By Fareez Ahmad
As a child, I grew up in Sunset Way and attended Henry Park Primary School on Holland Grove Road. I had adventurous friends who liked to explore the maze of drains from Clementi to Buona Vista, simply because we were young and hungry to discover the world around us. For my friends and I, the network of waterways were a kind of alternate reality, a mysterious underground world.
Surprised at having these childhood memories bubble to the surface upon having encountered Charles Lim’s commissioned work for the Singapore Biennale 2011 at the Old Kallang Airport, I decided once again to explore this world, this time through the artwork entitled ‘All Lines Flow Out’, which comprises a video installation as well as an installation of two drainage ‘socks’ suspended from the ceiling of the space. The work takes the form of an urban exploratory adventure which examines the political, geographical and environmental dimensions of water in the Singaporean context.
Drainage socks, I imagine, are installed in various parts of the waterways and act as filters which trap rubbish and debris. The ones on display in the space, each about three meters in length, have accumulated pieces of refuse, but mostly brown leaves, giving them the bulging, organic appearance of Eva Hesse sculptures. The video, looped on a panoramic three-part screen roughly two and a half meters wide and half a meter from top to bottom, features a narrative which explores the drainage waterways as well as the aquatic periphery of Singapore. We see from a first-person perspective different points on Singapore’s waterways, most likely to have been filmed from aboard a vessel, as we occasionally hear the gentle splashes of the paddle as it propels the boat gently on its course.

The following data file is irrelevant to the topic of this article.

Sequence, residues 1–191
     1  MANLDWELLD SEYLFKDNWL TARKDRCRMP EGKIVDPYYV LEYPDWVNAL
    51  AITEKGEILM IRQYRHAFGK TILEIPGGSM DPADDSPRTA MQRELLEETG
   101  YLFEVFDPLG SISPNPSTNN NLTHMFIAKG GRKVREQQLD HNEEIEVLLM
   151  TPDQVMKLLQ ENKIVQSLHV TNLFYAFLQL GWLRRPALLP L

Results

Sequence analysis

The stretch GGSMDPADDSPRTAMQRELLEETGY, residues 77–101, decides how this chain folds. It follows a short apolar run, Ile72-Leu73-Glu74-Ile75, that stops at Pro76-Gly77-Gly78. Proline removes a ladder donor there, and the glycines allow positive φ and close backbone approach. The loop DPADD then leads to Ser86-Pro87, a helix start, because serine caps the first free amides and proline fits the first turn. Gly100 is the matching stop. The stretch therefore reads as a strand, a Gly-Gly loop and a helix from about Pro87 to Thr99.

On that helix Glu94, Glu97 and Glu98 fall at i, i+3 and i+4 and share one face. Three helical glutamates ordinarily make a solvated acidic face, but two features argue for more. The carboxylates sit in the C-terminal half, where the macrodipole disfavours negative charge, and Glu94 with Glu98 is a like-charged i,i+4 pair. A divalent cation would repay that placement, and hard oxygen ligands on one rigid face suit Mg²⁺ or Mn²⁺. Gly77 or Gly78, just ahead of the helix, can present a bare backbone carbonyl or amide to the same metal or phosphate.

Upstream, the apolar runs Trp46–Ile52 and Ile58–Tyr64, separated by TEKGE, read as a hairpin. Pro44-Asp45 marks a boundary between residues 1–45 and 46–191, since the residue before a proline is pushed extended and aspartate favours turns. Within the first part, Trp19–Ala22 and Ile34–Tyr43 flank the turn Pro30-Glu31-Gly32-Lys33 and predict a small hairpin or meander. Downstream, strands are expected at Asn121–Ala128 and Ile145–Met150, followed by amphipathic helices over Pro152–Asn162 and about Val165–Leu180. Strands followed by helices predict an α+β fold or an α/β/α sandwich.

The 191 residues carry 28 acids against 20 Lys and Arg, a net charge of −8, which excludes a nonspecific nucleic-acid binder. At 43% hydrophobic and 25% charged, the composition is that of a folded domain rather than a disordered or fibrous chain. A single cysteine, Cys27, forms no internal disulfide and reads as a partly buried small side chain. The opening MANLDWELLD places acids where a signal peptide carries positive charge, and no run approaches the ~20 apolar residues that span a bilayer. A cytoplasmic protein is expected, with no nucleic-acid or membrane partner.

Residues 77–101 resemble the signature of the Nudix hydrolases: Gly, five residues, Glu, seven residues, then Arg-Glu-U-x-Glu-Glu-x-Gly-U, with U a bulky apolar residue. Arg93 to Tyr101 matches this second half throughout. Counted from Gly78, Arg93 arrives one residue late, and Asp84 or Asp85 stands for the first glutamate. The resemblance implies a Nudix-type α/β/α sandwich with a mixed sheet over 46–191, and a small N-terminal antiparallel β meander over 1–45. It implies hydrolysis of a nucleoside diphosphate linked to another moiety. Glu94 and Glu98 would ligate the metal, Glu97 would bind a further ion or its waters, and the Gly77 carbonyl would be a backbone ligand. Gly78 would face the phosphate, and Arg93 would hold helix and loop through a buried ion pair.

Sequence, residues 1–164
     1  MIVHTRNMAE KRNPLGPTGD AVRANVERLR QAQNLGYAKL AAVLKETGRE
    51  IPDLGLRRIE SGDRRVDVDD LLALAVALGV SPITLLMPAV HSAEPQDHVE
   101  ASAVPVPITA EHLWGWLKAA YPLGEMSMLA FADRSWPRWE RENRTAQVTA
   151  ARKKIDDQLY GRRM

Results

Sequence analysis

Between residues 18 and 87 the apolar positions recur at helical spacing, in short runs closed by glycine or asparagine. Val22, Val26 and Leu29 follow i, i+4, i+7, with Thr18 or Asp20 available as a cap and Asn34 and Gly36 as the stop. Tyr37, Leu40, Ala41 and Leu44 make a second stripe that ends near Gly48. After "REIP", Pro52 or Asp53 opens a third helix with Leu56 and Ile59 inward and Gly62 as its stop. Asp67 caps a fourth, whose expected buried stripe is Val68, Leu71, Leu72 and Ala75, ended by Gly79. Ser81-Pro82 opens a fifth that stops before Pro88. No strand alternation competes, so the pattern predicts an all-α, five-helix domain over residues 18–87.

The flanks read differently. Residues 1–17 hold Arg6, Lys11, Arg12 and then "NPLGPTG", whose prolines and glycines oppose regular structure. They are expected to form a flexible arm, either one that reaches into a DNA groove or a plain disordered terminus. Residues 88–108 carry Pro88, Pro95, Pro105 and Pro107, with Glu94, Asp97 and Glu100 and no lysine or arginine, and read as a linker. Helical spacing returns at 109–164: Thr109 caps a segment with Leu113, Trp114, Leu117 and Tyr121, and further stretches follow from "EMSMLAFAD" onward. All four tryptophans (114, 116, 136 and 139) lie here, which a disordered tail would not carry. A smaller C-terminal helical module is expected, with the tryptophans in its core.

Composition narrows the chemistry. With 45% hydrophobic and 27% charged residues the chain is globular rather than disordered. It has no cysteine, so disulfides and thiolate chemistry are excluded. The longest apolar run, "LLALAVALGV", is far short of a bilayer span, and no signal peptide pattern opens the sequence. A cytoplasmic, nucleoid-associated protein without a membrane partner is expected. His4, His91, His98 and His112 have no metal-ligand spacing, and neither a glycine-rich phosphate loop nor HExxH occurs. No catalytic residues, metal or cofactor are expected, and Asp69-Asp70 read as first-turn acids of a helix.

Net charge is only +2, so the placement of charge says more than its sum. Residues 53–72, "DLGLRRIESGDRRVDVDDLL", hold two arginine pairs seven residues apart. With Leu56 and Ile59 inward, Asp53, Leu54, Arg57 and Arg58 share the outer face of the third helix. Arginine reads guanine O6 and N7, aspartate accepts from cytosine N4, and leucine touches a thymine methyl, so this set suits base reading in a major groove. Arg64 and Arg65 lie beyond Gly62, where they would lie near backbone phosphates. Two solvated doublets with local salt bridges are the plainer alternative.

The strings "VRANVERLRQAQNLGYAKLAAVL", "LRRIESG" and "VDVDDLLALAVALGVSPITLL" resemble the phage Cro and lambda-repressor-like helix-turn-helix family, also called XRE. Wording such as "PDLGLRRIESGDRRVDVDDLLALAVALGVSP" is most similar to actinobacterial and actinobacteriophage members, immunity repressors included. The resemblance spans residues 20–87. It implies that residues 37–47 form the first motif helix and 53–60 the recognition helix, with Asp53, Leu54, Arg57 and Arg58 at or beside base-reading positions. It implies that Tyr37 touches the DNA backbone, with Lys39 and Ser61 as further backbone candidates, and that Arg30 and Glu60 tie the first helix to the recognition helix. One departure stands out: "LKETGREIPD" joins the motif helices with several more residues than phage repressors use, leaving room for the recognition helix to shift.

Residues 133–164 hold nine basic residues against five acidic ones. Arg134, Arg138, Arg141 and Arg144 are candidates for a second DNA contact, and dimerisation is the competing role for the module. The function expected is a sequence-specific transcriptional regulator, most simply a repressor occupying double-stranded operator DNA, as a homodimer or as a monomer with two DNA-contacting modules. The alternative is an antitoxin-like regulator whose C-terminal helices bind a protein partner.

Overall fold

Each sequence in the video is like a living photograph. In most scenes, the camera makes only gentle movements, allowing the viewers to immerse themselves in the visuals. Beautifully composed, they cast a mundane subject matter in poetic light. Its lingering pace allows one to meditate on the associations conjured up by the images.
The act of navigating a vessel on water alludes to the discovery of Singapore by Sang Nila Utama, who arrived via sea after a tropical storm and soon (re)named the island Singapura. The founder of modern Singapore, Sir Stamford Raffles of the British East India Company too, undoubtedly arrived by ship. It was also he who noted that Singapore was surrounded by very deep waters, and decided that it would make an ideal port for ships travelling from Europe to the Far East. This geographical feature continues to play a major role in shaping the island’s economic prosperity as well as its social landscape.
A bridge appears in each of the film’s ‘navigating’ scenes. It is a deliberate and significant symbol alluding to the massive bridges linking Singapore and Malaysia, the country which the island state used to be a part of and from which it gets a significant portion of its drinking water supply. The Johor-Singapore Causeway, which is a road, rail and pedestrian link also serves as a water pipeline. It is ironic that while tropical Singapore is surrounded by water and receives heavy annual rainfall, its quest for water self-sufficiency persists till the present. Indeed, as the video suggests, the waterways eventually lead to the aquatic periphery of Singapore. In one scene, we are presented with a panoramic vista dotted with kelongs – wooden dwellings built out in the sea for the purpose of rearing fish for commercial consumption. In the distance we gaze upon a familiar landscape which betrays an odd detail, a large white cylindrical structure, which is indeed a water containment tank. Then from behind one of the kelongs, a Singapore Coast Guard patrol boat casually reverses into view, drawing an imaginary line demarcating the boundaries between two territories on the water’s surface.